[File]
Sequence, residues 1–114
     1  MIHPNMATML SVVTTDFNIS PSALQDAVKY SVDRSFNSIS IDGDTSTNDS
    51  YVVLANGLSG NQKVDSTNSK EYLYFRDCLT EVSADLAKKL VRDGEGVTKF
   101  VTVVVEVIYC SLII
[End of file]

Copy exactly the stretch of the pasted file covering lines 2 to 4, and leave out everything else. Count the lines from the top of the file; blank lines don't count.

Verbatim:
     1  MIHPNMATML SVVTTDFNIS PSALQDAVKY SVDRSFNSIS IDGDTSTNDS
    51  YVVLANGLSG NQKVDSTNSK EYLYFRDCLT EVSADLAKKL VRDGEGVTKF
   101  VTVVVEVIYC SLII